Tuesday, November 9, 2010

Choose Friends Wisely & Hide Your Food

Children who beg for your food when they see you eating (even though they had food in front of them), always irked me. Somehow, I always reasoned, they had no one around to tell them that was rude and made folks uncomfortable. I'm not talking about a hungry kid who has no food. I'm talking about the child who sees what you have and wants it for themselves even though they have something in front of them that is theirs. When my own daughter does this, I tell her she can have some after I've eaten all that I was going to eat. With typical ceremony, she pouts and then forgets and finishes what is in front of her. Recently, she started just taking my food when my back is turned. I don't like that.

"Why did you just take the last of my sandwich?"
"Because I wanted it."
"But, I did, too. It was mine. You had your sandwich that you picked out and didn't even finish it. Why would you eat the last of my food?"
"Well, Mary Joy eats my food at school. So, I was just doing it, too."

Ah ha. I knew there had to be someone, somewhere telling her that this type of behavior was acceptable. What I didn't expect was to learn that the little girl she eats lunch with eats most of her lunch during lunchtime. Of course, I wasn't thrilled about it. Upon closer investigation, I learned that my kid is most likely is a willing participant in her own bullying.

"So, does Mary Jo have food at lunch time?"
"Yes. She has food. But, she likes mine better. Oh, and her name is Mary Joy."
"Oh, ok. My bad. Does she ask for your food or just take it?"
"She usually just takes it. But, that's ok. She's my friend. She lets me be her friend if I give her my food."

Oh hell no.

So, of course, I'm floored. My 7 year-old is feeding a bully she calls a friend. Apparently, there are other girls that my daughter is grateful to be friends with because then, they won't be mean to her. So, she is willing to not only give them what they want to leave her alone and call her friend, but she hides who she is-- she doesn't sing and share a lot of herself-- so they will like her. I found that out when she told me that her friends wouldn't know what to do with me.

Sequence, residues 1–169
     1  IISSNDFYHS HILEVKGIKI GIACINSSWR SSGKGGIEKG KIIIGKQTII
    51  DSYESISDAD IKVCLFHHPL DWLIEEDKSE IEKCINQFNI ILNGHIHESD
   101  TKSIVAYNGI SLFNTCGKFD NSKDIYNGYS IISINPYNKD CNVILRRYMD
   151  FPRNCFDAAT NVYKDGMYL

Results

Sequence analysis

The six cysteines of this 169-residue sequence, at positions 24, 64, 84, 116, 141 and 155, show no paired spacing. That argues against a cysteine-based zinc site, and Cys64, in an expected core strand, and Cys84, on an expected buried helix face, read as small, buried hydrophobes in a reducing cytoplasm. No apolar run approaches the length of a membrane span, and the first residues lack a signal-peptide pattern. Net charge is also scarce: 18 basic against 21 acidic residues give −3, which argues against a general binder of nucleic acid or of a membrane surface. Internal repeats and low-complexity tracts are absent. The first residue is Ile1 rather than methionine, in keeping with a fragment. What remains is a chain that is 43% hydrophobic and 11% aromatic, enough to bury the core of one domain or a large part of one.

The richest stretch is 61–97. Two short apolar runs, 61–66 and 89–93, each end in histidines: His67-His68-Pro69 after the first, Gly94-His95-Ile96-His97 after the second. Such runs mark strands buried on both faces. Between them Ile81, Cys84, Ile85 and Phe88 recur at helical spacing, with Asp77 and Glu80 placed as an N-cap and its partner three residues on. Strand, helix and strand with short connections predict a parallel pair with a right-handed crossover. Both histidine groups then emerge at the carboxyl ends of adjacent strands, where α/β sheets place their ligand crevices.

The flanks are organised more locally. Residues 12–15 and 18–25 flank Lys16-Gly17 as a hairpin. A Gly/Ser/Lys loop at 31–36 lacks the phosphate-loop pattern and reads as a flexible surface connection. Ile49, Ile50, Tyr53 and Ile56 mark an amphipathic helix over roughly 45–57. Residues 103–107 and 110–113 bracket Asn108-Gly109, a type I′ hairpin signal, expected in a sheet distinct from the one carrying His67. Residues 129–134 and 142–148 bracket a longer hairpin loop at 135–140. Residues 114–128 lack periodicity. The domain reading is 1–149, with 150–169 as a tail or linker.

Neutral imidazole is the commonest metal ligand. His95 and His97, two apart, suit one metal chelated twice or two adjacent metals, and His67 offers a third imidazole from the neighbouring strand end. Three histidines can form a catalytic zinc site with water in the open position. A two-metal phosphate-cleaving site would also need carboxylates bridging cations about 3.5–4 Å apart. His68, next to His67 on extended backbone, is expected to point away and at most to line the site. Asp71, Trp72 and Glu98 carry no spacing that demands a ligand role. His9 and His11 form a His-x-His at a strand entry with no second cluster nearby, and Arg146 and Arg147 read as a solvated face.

"What do you mean your friends wouldn't know what to do with me?"
"Well, they would probably think you were weird because you sing all the time and do different voices and stuff." She's talking about my "acting" voice.
"Um, well you sing all the time, too. You sing with me half the time. If you like you, they should like me, right?"
"Well, they don't know I sing. They make fun of people who sing."

Oh c'mon now.

So, after reading all of my damn parenting books, mentoring other kids and teaching workshops on how to advance youth development and all that jazz, you are telling me that my kid can just go to school and be bullied into being less than the star that she is? Well ain't that some malarky.

Of course, I knew this day would come, when she would be peer pressured and friend desperate and all, I mean, don't we all go through that? But, the pain of it all to watch and hear is just, well, it is just overwhelming. I mean, where do you begin? I start with telling her dad who then pulls her aside and says,

"Don't be friends with mean people."

Gee, thanks Dad.

And, so then I come next. I tell her that she shouldn't be friends with people who need to take things from her in order for them to consider her a friend. I tell her that if she doesn't think that someone will like her if she is being herself, then, they are not worthy of being her friend. But, then, she reminds me that she is a big girl. She tells me that she knows how to say no. And, she says, after all, "I probably won't be friends with them that long anyway."

Hm. I guess she gets it better than I do. I'll be waiting in the wings to shake a kid, though, if she needs me. I guess, that's what us mommies are really for anyway.

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